My one stop flight to the syrup city began with another airline PR disaster as the gate agent shook and gagged on her offer of $500 for a volunteer to take a later flight as our cartoon trainer jet had been overbooked and over stuffed.

Being sensitive to the plight of flight peddlars I heroicly stepped forward to take that $500. Tragedy struck however as a couple slow no shows didnt make it to the gate and I was dragged onto the plane kicking and screaming without my $500. No expensive duck poutine for me.

Day 1

Waking up in a foreign land dehydrated, confused, and without cell service isn’t as terrifying or exciting as I expected. Later today I’m meeting with Mike of Indian Hill Guitars to talk about his work, his shop, and the community of artisans Montreal has fostered. Until then I’ll be wandering around, sniffing out Wi-Fi signals, and listening for anything with six strings.

Walking down St. Catherine street it’s hard not to be in awe of the historic cathedrals nestled in between the majestic strip clubs. One block after another, XXX in neon beckons the pious observer. Oddly I don’t see a single parishioner enter any of these houses of worship. My only conclusion is that sex doesn’t sell here and the churches are all now nightclubs.



Goth night every night

It’s difficult ignoring all these tempting attractions but I hear the faint wails of what can only be a guitar store. Archambault, my first expérience de guitare foreign. At ground level it looks like an old timey cd and movie shop so I walk past, assuming the random guitar plunking to be leftover PTSD from my days in retail though as I turn back I see a Fender banner beckoning me inside. Above the plastic circle floor is the stuff used to make the noise on all those plastic circles. Guitare et plus guitar. Quite a fine selection of Fender, Godin, Fender, and more Godin. Some practice amps, great string selection, even had Fender bass VI in stock. This is not a comprehensive review, only my fragmented and distracted impression, I’m really just looking for a bathroom. So as I look for a place to déposer un ou deux I round the corner to the acoustic room. The Quebecois appreciate 000 and OM styles more than big fat dumb Americans with our Jumbos and Dreadnaughts. Plenty of Martin and Bourgeois, nes pas toucher!


Further down St. Catherine two famous concert clubs are being scrubbed of puke and piss. The Metropolis and Club Soda.


Ok, eager to get on with it after getting lost in the subway I find myself at the first meeting place, Mile End Guitar Co-Op.


They’re a in big fucking building. Used to be a factory making useful things now it’s carved up into artisan spaces, co-working computer labs, and I dunno maybe web cam parlors or something. The co-op is occupied by nine Luthiers all doing their own thing, scraping wood and scraping livings together. Very impressive work here by my gracious host Mike of Indian Hill Guitars (click the link already). I was surprised and impressed to see this number of people working together to create a space where they can all thrive and learn from each other. I imagine places like this exist in the states somewhere, definitely not Denver what with rent and yea yea yea. I believe Mike is showing at the La Conner guitar festival this weekend if you are in that area. I wish I could say more about these handcrafted instruments and their builders but we mostly talked shop, our way through this strange “career”, and hated on all the retired engineers crowding us young guys out. Just relax and enjoy the pictures.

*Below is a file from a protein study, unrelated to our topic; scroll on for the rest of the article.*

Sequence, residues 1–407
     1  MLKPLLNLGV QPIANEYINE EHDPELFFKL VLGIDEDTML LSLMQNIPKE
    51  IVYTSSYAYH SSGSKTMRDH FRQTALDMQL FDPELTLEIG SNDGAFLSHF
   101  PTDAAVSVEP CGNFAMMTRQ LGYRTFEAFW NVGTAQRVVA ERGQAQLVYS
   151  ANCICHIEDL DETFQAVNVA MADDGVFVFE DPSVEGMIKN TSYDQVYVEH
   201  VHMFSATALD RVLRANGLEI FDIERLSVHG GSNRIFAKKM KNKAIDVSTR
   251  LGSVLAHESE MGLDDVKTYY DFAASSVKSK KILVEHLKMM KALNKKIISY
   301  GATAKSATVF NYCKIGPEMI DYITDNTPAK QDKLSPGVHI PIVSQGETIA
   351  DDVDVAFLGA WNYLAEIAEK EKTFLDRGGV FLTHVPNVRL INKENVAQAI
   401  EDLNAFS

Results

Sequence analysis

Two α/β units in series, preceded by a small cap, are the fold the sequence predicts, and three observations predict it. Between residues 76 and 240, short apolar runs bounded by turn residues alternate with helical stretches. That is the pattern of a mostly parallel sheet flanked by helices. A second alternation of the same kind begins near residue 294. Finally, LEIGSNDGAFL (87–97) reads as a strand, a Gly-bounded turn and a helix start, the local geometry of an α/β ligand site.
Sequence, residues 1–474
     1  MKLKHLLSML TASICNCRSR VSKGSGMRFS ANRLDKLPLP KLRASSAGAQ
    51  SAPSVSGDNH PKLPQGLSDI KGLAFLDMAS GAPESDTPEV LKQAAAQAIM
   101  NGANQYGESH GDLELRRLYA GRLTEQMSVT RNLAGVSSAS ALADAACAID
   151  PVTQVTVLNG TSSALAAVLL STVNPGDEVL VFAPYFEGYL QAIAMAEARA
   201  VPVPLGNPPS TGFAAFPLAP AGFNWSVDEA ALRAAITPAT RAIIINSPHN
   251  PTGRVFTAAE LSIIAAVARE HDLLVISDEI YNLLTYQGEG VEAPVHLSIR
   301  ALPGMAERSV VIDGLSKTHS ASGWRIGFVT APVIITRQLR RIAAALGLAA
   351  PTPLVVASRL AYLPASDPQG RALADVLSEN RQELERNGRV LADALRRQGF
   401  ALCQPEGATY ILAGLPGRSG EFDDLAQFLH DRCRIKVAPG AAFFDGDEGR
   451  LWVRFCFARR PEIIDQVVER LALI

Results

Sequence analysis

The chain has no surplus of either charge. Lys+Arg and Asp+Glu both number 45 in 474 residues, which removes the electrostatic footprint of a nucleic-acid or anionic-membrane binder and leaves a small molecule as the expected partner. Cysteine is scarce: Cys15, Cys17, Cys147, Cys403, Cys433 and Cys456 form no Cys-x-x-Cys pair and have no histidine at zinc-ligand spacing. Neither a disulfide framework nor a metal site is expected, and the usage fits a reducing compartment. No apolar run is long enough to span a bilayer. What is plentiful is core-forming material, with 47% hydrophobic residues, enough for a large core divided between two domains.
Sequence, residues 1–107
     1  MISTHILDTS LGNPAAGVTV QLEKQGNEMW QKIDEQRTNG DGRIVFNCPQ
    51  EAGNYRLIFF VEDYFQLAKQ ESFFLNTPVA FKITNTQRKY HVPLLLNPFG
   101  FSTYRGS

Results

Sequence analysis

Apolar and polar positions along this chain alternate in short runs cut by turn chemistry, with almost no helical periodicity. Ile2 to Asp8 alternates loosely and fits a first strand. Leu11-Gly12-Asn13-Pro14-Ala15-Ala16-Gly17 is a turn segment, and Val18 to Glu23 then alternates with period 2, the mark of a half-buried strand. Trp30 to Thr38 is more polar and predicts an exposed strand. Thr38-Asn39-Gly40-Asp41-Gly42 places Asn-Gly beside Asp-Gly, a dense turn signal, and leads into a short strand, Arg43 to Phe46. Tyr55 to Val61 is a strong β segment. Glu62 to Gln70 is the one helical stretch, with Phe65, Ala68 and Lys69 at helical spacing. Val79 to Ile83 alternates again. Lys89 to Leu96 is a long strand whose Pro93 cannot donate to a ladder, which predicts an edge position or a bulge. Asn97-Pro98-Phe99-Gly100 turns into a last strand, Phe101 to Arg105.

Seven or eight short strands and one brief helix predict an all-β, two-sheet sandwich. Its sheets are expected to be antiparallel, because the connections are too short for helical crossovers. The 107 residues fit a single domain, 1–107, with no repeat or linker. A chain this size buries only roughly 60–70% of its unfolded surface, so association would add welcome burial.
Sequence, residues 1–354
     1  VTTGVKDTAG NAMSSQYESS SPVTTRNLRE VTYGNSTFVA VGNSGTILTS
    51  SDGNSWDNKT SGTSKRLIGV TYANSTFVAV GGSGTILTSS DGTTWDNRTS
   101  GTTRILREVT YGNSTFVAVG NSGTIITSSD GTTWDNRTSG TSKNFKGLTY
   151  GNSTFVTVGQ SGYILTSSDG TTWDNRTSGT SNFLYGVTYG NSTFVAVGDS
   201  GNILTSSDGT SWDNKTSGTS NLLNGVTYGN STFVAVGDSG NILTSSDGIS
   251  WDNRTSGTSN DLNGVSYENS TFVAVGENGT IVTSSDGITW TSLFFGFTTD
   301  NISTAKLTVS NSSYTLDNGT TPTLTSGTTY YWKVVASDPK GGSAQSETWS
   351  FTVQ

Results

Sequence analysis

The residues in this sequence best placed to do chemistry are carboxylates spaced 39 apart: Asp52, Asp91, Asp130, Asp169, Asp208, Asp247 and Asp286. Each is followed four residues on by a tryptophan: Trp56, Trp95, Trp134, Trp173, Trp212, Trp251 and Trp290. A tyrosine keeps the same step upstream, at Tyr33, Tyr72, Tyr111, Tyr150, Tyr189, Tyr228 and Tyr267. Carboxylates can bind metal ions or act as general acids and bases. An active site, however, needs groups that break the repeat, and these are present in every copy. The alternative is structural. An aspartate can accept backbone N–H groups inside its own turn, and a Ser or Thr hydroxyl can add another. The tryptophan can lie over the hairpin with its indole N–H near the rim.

Day 2

Kind of a blur, went to a metal fest, met cool people, drank beer, normal stuff.


Day 3

Can’t vouch for the accuracy of this timeline, just imagine it’s a Jordorowski film or mushrooms and don’t fight it. Walked enough this day to begin to feel my age, back stiff, feet sore, fuck this. Nah it’s cool though, more guitars and buildings!

Steve’s in old port is the best of the retail shops I visited (keep reading anyway for a big surprise at the end). It’s one of those old, cramped, bad ass shops that we all love. Tons of pedals, nearly every brand and size of string, big amps, used shred guitars, new shred guitars, synths for days. I’d be happy to work in a place like this. The repair tech looked rather happy. Wanted to chew his ears but he appeared to be deep into and explanation of string theory and vibration calculus. Possibly, it was all in French so could have been talking about his latest trip to his mama’s. STFU pics or it didn’t happen!


Day 4



Day 5

More guitar builders! Today we meet Gab of Markott Lutherie. Actually I met Gab earlier in the trip, runs in the same circle, we became pals, he’s my pal now. Gab works out of an even larger co-op, in another former factory, with nearly twenty builders. Again, talked shop, talked future projects, talked about our wood collection. Gab also does R&D for Godin! I think that stands for Rat Delousing. It’s interesting to note that these co-ops are organized as non profit entities and each new member must bring a communal machine to join. Bench fee’s are quite low and some of these lucky fools have gotten grants from the government to further their businesses. The roads may suck but I’ll walk everywhere if it means more support for the arts, music, and the people making culture more interesting. Check out L’Atelier de la Corde to see what sweet lumber comes out of that place.